In 2017, the boys hit the studio for their fourth straight collaboration with producer Will Putney [The Acacia Strain, Body Count] and first with vocal producer Jesse Barnett. Recording with Craig behind the kit for the first time, they ignited a fresh spark.

“Since Craig joined, the vibe of our band has been electric,” Thomas continues. “Everyone has a brand new fire in them to push us to places we’ve never been. He’s added a chemistry on and off-stage that has changed us for the better, and we’re writing our best material to date because of it. Then, there’s Will. He’s basically a member at this point. He’s our tie breaker. He understands us better than anyone. Also, Jesse brought in something we haven’t had yet on a STRAY FROM THE PATH album.

”They introduced the record with the first single “Goodnight Alt-Right”. A full-blown aural assault, it goes straight for the jugular, confronting and courting controversy head-on.

“When Richard Spencer, a white supremacist, was punched on-camera a few months back, it was great to see that he and his hatred were not being tolerated,” he explains. “We were shocked to see that people were actually defending him though. They said he should have freedom of speech. They’re not wrong. People should be able to exercise free speech. Sometimes, the things you say come with consequences. There is enough hate, misery,and division in this country that we don’t need a televised white supremacist saying, ‘This country belongs to white people.’ Bottom line: if you preach hate, expect hate.”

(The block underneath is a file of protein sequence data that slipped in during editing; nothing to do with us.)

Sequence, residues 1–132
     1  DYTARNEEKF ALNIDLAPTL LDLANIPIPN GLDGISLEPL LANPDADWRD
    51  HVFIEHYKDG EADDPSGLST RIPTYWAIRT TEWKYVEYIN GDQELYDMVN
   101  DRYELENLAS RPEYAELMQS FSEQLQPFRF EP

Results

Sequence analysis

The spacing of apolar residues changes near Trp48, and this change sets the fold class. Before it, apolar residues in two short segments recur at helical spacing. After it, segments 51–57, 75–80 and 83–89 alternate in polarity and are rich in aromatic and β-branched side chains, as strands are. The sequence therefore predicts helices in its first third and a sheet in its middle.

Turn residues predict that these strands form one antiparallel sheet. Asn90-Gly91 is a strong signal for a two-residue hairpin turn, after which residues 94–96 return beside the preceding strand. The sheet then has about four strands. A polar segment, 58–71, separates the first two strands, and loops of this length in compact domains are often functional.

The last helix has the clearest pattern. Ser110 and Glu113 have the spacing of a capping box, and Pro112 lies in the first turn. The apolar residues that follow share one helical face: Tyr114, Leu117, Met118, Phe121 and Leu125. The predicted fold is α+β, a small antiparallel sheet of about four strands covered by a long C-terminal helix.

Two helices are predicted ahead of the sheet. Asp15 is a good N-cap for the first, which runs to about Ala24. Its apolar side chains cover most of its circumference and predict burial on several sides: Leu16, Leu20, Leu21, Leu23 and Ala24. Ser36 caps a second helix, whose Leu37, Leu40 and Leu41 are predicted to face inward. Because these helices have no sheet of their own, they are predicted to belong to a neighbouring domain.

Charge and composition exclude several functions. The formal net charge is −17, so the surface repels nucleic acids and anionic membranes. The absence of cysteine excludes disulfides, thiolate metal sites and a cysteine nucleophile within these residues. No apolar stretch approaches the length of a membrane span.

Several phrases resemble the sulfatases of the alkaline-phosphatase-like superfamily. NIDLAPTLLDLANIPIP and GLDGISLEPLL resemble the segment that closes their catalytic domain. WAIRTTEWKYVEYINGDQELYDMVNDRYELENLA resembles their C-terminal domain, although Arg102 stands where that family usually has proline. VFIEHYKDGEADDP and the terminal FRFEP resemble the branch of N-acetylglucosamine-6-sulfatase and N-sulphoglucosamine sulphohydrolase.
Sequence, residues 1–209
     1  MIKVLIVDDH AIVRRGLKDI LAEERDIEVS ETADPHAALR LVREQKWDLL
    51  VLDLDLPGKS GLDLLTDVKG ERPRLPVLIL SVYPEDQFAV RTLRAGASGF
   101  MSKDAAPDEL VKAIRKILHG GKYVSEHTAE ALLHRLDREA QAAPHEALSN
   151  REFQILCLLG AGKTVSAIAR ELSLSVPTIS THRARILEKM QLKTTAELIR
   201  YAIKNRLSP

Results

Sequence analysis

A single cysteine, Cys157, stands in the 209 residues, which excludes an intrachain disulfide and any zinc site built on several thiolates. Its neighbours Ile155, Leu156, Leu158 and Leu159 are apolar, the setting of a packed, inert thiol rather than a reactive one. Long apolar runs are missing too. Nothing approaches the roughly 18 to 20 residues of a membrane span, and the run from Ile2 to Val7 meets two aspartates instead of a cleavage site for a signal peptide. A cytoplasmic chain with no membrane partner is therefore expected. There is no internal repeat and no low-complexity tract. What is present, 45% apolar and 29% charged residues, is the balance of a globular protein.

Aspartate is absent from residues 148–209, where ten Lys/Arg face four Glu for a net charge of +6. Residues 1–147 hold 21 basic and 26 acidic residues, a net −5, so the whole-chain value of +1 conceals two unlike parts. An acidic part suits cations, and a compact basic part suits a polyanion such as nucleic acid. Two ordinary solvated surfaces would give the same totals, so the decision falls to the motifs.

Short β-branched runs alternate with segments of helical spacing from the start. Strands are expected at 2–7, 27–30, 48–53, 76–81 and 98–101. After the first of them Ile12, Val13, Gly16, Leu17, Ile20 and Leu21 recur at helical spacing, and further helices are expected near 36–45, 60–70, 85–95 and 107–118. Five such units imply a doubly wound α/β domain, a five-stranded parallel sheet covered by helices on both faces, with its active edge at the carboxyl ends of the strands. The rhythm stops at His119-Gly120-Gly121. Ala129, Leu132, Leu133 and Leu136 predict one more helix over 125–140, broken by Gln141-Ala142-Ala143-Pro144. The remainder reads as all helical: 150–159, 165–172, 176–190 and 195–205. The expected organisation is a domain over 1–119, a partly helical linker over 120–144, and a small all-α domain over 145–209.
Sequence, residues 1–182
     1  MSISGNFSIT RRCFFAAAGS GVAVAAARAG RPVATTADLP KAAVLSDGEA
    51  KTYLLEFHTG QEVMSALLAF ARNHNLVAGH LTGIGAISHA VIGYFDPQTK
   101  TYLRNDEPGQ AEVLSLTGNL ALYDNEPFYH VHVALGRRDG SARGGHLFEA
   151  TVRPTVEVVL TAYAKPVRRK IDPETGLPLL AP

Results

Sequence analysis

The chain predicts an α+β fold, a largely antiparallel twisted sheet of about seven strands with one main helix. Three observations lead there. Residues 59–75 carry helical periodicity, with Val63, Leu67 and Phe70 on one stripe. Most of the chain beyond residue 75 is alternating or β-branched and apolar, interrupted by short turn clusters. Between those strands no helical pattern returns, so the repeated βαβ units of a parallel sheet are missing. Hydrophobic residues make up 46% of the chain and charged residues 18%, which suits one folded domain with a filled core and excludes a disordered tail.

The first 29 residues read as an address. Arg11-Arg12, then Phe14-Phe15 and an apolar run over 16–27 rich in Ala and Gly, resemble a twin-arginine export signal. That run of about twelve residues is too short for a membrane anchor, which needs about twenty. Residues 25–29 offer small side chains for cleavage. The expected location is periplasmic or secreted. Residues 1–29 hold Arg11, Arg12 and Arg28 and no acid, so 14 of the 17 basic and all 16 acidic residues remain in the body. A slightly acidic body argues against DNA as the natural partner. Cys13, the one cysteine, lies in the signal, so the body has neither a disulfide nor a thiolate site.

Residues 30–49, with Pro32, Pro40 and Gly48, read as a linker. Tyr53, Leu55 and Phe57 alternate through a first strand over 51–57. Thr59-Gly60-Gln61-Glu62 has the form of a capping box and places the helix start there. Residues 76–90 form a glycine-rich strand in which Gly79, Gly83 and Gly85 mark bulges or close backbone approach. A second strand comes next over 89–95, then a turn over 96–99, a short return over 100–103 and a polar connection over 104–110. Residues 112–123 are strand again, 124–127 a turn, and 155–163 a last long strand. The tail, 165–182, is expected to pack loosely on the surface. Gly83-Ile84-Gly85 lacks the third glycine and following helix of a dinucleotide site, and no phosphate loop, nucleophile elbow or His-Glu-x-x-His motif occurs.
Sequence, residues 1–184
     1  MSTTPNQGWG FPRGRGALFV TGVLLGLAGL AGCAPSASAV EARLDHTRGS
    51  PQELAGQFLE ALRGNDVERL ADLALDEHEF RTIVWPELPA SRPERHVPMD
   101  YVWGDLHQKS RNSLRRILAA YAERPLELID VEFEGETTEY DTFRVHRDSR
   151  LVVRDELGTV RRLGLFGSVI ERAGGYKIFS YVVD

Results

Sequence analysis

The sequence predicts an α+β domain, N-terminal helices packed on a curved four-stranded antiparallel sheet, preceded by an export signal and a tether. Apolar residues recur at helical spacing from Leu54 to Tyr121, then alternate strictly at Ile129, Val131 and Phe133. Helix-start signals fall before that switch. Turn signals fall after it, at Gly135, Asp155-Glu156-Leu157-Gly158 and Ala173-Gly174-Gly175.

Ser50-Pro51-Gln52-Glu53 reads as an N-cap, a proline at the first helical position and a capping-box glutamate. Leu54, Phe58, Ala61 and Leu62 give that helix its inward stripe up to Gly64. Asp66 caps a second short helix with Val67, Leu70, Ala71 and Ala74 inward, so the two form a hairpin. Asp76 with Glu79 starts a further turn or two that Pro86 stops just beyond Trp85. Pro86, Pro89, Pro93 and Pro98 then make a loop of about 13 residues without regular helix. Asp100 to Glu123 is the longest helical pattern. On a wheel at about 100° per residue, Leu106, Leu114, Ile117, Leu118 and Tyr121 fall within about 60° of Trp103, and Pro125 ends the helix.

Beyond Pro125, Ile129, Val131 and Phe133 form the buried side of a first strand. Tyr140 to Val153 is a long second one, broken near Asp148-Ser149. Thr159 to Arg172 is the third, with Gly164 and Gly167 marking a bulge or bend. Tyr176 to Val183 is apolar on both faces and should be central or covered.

Elsewhere on the record, Keith Buckley of Every Time I Die and The Damned Things brings pure rock fury to the rousing and rambunctious “Strange Fiction,” and the “insane voice” of Knocked Loose’s Bryan Garris adds another dimension and dynamic to “All Day & Night.” In a rare cameo appearance, hip-hop luminary Vinnie Paz of Jedi Mind Tricks spits raw truth on “The House Always Wins” between a chaotic, combustible, and catchy hardcore onslaught.
“Vinnie might be the craziest feature we’ve ever had,” Thomas explains. “Jedi Mind Tricks, and Vinnie specifically, is one of the most politicallyaware and ferocious acts of our generation. I know he doesn’t collaborate much, so to have him do an entire verse was an incredible honor.”

Ultimately, only death is real comes at the right time.

“This is the world we live in,” Thomas leaves off. “It madea heavier and darker version of STRAY FROM THE PATH, and death is the only thing that’s certain.”